made equal to 7 and in this case, as previously indicated,
the temperature difference is
40
It will ?nally be seen that the number of chambers n
having been so determined that the quantity
In addition, by applying the corresponding progression,
ll
portional to 7/ 6‘, 6%5, 5/4, 4/3, 3/2 and 2, the seventh
there are found for the ?rst six chamber volumes pro
chamber having a volume which may be three times as
n
great as that of the penultimate chamber, namely 6.
In these chambers, the volumes of catalyst (or the
weights of catalyst, which is assumed to be homogeneous)
of initial hydrocarbon is oxidized in each of them, the
useful volume of each chamber is derived from that of
the preceding chamber by multiplication by a regularly
increasing coe?icient staggered between 1.05 and 2.2, this
coe?icient increasing from the second chamber to the
last, while an additional chamber of arbitrary volume
may be added for the completion of the reaction.
The nature of the hydrocarbon employed and the de
sired product of oxidation determine the number n, but
50
are proportional to these numbers.
In the described installation, the total mass of catalyst
employed was of the order of 1.5 metric tons.
In the illustrated construction, the various converters
are substantially similar to one another but, by analogy
with FIG. 1, these converters could have a base of con
stant cross-section and heights varying in accordance
regardless of the reaction employed, the progression of
with the law indicated. Also, when the external cooling
the chambers remains the same as hereinbefore indicated.
is negligible and the number of chambers is large (it has
There will now be described an example of the applica
hereinbefore been stated that in the case of phthalic
tion of the invention to the case of the oxidation of
anhydride this number would have to be equal to 18),
naphthalene employing an installation as illustrated in (it) groups of chambers of like volume could be provided and
FIG. 2 of the accompanying drawings.
there could be disposed within the latter only that quantity
The naphthalene arrives alternately from the two cham~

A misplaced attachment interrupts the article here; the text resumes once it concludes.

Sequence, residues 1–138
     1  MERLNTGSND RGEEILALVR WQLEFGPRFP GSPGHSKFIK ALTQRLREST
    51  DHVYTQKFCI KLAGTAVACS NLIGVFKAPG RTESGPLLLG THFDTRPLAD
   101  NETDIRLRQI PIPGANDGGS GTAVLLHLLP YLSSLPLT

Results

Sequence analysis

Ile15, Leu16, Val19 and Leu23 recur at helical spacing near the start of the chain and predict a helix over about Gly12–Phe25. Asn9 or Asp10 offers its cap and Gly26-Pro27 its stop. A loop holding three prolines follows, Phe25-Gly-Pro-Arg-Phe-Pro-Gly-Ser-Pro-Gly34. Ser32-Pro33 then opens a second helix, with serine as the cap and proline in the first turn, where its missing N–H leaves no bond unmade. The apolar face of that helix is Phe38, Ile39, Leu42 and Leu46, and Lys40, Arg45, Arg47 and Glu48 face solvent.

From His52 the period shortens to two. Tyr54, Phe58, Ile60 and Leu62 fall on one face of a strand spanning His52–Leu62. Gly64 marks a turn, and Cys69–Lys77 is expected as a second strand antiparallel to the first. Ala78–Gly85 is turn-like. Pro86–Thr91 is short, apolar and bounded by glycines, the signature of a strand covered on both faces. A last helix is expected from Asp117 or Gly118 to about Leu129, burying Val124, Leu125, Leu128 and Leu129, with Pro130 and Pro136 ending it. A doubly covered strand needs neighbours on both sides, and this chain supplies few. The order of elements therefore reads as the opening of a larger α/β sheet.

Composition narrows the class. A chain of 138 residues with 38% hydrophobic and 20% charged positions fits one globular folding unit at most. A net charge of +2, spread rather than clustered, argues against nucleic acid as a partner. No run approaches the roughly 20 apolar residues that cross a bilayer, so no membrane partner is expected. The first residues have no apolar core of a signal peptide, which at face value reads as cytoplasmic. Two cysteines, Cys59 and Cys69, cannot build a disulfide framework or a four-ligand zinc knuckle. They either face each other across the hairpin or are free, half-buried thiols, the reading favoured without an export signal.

of catalyst which corresponds to the aforesaid law of
bers 1 heated by low-pressure steam. It is taken up by a
progression.
pump 2, passes successively through a regulating valve 3,
The catalysing operation thus effected permits a sub
a pressure balancing receptacle 4 and a rotary flow meter
stantially complete exhaustion of the naphthalene, which
for measuring the quantity of naphthalene injected. It
is converted into phthalic anhydride in a yield in the
then enters the mixer 6, in which it is mixed with air in
the proportion of 30 grams per cubic meter. A small
quantity of air coming from the compressor 7 under a
pressure of 3 kg. through the duct 8, ?rst sprays the hot
naphethalene through a nozzle 6a. On the other hand,
a rotary compressor 9 having a much higher delivery
than the preceding one, feeds the greater part of the air
under a superatmospheric pressure of 0.75 kg., through
an electric heater 10, which raises its temperature to 140°
neighbourhood of 95%.
This part of the installation comprises in addition (not
shown in the ?gure) a water ?lter and a control and
measuring panel with the various temperature regulating
members, a flow meter for measuring the quantity of
water injected and the aforesaid regulating valves.
On leaving the last converter, the hot gases pass through
the exchanger 11, in which they heat the initial mixture,
whereafter they enter an assembly of condensing cham
3,072,465
10
bers 17, in which they travel along a sinuous path through
twenty successive ba?le elements. The chambers consist
tions is disposed a cooling heat exchanger 23 which con
sists, similarly to a smoke tube boiler, of an external jacket
of ordinary double walled sheet metal cooled by a forced
air circulation with the aid of four axial-flow fans 18-a,
24, provided with perforated end plates 25, in which are
expanded the tubes 26 through which the treated mixture
-b, —c and —d. The gases enter the chambers at a tempera
passes.
ture of 155° C. and leaves them at 65° C., after having
The jacket 24 contains a liquid, for example a mineral
deposited therein thephthalic anhydride produced, as
oil, ‘which is conveyed by a pump 27. The liquid leaving
also the impurities formed by the reaction, such as naph
the jacket 24 is passed into a heat exchanger 28, for ex
thoquinone and maleic acid. The phthalic anhydride col
' ample for heating the air intended to be introduced in
lected is thereafter distilled for puri?cation.
On leaving the condensing chambers the air, still con
taining a small quantity of phthalic anhydride and naph
thoquinone, is Washed in an ordinary water sprinkler
mixture with the hydrocarbon to be oxidized. On leaving
the exchanger 28, the liquid is passed into a reservoir 23,
from which it is extracted by the pump 27.
Since the progression of the useful volmes of the cham
bers has in practice the effect of producing the same
tower 19, in which it is completely freed from the en